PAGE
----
Commemorating J. Rosamund Johnson, Composer of Black National Anthem “Lift Every Voice and Sing”

In honor of Juneteenth, New England Conservatory commemorates the spirit of liberation, resilience, and creativity of Black Americans. We recognize the many ways NEC's Black alumni community members have brought music to the world and opened the doors for others through their passion and exceptional artistry. 

One such NEC community member was J. Rosamund Johnson, a Black artist and civil rights advocate who attended NEC in 1893. Johnson composed "Lift Every Voice and Sing," widely recognized as the Black National Anthem. 

Johnson collaborated with his brother, James Weldon Johnson, a renowned poet who penned the lyrics and played a key role in founding the NAACP. The composition was crafted as a message of resilience for African Americans in the 19th century and was first performed on February 12, 1900, for Abraham Lincoln's birthday. 

Though Johnson is chiefly remembered for composing "Lift Every Voice and Sing," he also had a varied career as a pianist, songwriter, producer, soldier, singer, and actor. He was an important figure in Black music in the first part of the 20th century. While attending NEC for four semesters in 1893, Johnson studied piano with Charles F. Dennee and voice with William H. Dunham.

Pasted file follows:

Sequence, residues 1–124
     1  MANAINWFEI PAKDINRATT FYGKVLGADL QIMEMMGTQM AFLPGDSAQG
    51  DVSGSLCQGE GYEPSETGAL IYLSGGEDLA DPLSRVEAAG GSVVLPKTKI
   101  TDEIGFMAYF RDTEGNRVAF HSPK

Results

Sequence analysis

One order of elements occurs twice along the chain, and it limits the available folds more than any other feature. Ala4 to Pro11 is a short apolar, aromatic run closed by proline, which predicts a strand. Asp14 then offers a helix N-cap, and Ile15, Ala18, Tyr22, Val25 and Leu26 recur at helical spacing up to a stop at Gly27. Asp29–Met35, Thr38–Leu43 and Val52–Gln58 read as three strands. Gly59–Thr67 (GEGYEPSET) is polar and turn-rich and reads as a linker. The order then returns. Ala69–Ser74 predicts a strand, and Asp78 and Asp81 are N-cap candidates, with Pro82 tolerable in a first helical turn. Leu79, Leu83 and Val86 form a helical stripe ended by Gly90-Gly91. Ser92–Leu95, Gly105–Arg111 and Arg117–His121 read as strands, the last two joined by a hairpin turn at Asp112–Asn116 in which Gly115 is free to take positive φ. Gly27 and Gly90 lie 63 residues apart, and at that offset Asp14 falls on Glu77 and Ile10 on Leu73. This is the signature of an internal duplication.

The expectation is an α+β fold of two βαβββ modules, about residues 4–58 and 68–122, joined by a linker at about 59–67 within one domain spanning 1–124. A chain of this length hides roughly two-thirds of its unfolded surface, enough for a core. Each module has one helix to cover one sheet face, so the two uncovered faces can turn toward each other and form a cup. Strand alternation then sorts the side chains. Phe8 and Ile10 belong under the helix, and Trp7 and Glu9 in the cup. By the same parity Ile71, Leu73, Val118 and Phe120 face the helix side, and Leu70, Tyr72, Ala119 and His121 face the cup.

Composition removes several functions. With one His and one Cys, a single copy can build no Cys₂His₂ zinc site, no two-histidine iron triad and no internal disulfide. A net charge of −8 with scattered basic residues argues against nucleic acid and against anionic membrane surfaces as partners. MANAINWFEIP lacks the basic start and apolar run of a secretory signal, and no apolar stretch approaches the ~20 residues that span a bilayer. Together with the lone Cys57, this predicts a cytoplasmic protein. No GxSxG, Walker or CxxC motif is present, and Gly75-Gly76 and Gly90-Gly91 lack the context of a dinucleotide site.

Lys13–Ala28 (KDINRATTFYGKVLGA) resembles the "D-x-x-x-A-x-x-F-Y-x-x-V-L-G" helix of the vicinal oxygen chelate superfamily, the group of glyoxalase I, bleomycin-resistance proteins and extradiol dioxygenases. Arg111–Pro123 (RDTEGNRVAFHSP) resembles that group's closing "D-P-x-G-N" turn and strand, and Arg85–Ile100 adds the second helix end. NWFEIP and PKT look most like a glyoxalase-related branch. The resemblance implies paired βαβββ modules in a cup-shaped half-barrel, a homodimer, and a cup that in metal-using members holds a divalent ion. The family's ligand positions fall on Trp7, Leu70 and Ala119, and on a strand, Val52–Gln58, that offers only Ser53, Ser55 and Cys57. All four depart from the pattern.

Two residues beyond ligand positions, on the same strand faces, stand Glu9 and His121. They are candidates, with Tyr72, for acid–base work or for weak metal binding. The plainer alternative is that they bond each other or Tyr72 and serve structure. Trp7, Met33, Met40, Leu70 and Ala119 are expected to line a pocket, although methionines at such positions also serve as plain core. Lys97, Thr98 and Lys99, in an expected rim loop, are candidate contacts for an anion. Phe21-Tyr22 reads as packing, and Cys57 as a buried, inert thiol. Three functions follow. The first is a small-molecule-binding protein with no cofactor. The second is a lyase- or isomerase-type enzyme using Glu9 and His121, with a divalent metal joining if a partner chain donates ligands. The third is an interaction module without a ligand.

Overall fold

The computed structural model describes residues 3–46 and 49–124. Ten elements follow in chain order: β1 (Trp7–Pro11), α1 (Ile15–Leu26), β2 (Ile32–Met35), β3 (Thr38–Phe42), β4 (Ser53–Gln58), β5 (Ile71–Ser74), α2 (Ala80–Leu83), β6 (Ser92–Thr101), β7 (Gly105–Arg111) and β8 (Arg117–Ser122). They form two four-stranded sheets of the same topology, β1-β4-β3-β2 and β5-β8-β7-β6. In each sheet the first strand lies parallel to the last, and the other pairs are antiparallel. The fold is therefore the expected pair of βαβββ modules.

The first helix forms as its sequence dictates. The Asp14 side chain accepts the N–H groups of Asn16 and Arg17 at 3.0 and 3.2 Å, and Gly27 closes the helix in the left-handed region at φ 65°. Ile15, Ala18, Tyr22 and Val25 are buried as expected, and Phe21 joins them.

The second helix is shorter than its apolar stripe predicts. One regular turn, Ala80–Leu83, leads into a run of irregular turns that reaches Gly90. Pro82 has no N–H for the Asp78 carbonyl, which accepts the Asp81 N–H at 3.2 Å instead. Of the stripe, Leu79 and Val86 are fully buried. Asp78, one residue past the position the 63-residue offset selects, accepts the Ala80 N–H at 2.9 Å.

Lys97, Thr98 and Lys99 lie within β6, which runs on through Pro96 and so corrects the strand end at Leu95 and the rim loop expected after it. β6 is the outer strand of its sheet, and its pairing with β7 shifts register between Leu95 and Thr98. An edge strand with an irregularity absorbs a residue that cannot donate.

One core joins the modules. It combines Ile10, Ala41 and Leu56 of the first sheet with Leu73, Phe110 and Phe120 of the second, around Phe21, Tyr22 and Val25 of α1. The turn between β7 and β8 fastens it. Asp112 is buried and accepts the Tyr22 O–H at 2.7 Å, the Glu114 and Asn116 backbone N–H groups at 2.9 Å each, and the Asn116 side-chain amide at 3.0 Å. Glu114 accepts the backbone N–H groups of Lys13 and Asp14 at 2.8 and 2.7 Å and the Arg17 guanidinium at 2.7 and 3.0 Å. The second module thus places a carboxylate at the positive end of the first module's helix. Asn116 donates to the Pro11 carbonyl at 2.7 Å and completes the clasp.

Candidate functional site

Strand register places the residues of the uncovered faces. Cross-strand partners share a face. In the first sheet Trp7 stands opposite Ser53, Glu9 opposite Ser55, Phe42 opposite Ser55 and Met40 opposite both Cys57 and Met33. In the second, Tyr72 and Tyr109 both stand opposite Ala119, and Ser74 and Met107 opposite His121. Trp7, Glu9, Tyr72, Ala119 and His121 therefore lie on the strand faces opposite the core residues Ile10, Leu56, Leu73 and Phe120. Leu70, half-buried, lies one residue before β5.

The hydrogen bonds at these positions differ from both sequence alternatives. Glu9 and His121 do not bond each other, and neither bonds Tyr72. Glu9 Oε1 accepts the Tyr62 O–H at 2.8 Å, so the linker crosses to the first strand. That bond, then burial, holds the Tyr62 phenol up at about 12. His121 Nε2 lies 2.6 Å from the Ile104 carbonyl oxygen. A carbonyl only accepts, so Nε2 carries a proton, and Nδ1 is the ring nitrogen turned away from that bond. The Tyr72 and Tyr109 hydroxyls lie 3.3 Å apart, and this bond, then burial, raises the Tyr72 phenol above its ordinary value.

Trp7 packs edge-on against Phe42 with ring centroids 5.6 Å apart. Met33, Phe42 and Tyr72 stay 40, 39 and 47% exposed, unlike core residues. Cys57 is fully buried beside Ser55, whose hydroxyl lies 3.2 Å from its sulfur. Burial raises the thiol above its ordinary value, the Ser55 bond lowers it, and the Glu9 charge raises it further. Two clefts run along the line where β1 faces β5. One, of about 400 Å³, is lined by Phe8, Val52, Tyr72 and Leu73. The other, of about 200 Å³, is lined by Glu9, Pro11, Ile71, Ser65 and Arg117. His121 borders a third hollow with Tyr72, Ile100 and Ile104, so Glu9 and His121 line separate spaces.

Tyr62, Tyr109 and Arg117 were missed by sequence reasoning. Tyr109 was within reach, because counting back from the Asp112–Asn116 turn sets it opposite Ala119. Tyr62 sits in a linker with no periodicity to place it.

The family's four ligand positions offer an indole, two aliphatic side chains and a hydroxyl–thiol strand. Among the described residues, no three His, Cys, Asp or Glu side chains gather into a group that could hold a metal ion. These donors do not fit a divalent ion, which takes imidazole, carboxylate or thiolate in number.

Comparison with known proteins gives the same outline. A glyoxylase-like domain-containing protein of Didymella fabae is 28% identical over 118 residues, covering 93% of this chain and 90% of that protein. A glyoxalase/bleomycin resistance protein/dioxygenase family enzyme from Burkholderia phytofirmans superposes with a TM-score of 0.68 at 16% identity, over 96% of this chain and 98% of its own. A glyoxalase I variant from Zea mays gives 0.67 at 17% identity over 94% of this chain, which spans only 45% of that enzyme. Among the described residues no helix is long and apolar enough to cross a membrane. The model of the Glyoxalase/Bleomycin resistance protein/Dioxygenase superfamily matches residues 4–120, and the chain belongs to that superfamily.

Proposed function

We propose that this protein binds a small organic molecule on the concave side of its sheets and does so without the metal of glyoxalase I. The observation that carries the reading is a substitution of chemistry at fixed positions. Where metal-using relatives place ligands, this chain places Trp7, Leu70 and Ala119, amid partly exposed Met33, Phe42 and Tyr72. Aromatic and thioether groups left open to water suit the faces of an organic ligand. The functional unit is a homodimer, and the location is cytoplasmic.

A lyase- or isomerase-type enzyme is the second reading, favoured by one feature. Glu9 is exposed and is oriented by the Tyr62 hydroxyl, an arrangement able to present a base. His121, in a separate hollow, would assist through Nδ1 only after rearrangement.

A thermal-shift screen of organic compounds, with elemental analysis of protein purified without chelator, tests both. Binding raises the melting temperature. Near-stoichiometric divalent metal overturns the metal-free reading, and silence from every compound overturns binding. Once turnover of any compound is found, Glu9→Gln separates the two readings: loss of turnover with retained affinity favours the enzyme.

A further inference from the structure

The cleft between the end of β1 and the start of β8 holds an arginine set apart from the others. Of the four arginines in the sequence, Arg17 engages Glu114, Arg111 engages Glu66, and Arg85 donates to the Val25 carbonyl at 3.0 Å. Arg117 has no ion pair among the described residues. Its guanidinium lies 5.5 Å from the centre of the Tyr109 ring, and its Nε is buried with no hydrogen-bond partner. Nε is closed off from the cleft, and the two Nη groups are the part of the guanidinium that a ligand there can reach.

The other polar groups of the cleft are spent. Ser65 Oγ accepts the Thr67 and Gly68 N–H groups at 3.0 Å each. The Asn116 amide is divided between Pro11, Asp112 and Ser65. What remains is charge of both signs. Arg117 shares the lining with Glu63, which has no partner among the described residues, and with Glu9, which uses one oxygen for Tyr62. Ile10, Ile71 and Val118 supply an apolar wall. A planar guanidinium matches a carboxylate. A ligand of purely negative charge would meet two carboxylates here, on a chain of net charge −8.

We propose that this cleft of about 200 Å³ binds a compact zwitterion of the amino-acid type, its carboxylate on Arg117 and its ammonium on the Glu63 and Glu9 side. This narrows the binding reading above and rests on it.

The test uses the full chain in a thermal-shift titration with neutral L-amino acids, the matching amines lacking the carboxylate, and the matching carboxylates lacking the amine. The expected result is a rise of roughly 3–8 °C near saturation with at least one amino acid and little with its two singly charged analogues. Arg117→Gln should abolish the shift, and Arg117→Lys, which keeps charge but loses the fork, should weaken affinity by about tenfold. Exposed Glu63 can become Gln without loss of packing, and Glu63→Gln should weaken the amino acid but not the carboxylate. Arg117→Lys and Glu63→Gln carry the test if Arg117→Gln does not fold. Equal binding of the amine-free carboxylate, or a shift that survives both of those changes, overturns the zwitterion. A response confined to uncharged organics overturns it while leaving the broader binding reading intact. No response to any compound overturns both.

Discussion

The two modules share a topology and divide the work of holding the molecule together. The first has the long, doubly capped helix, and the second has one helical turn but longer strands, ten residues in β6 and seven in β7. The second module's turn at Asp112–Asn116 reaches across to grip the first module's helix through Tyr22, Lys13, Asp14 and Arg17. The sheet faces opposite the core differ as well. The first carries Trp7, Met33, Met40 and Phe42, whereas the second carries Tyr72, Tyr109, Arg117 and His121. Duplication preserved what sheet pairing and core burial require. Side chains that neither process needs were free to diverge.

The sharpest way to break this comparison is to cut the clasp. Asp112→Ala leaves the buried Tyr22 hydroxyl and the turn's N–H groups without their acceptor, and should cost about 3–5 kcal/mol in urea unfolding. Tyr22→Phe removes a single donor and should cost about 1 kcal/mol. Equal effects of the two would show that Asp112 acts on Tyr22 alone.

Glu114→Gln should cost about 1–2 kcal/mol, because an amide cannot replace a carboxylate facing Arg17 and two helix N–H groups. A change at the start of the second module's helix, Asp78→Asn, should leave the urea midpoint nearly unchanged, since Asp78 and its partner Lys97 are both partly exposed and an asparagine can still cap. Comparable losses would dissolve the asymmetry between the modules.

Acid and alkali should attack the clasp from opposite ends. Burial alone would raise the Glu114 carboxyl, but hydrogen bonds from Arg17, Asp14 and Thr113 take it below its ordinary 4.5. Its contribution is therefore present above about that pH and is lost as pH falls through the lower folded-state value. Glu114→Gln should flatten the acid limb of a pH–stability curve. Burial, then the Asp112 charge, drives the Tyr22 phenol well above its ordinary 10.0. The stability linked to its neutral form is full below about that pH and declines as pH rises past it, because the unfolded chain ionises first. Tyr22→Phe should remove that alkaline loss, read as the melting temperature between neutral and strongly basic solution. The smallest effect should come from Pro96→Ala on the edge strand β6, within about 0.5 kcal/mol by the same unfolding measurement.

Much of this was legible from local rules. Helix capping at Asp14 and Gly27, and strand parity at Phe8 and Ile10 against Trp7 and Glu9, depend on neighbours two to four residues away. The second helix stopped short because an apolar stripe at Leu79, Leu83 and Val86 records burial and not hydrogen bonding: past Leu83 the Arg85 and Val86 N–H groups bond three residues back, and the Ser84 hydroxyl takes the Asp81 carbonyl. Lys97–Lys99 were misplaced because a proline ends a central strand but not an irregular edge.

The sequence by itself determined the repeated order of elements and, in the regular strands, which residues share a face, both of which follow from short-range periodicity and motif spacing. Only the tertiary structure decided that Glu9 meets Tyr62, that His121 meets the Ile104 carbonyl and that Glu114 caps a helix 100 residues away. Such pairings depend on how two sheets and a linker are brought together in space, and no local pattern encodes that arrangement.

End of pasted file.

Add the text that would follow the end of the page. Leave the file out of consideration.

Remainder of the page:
NEC honors the Black artists in our community—among them J. Rosamund Johnson, Thad JonesFlorence PriceCoretta Scott King, and so many more—who have contributed to an extraordinary musical legacy while recognizing the work that still lies ahead on the path toward racial equity.

Below, watch as NEC faculty members Nedelka Prescod ’12 MM and Jason Moran perform "Lift Every Voice and Sing."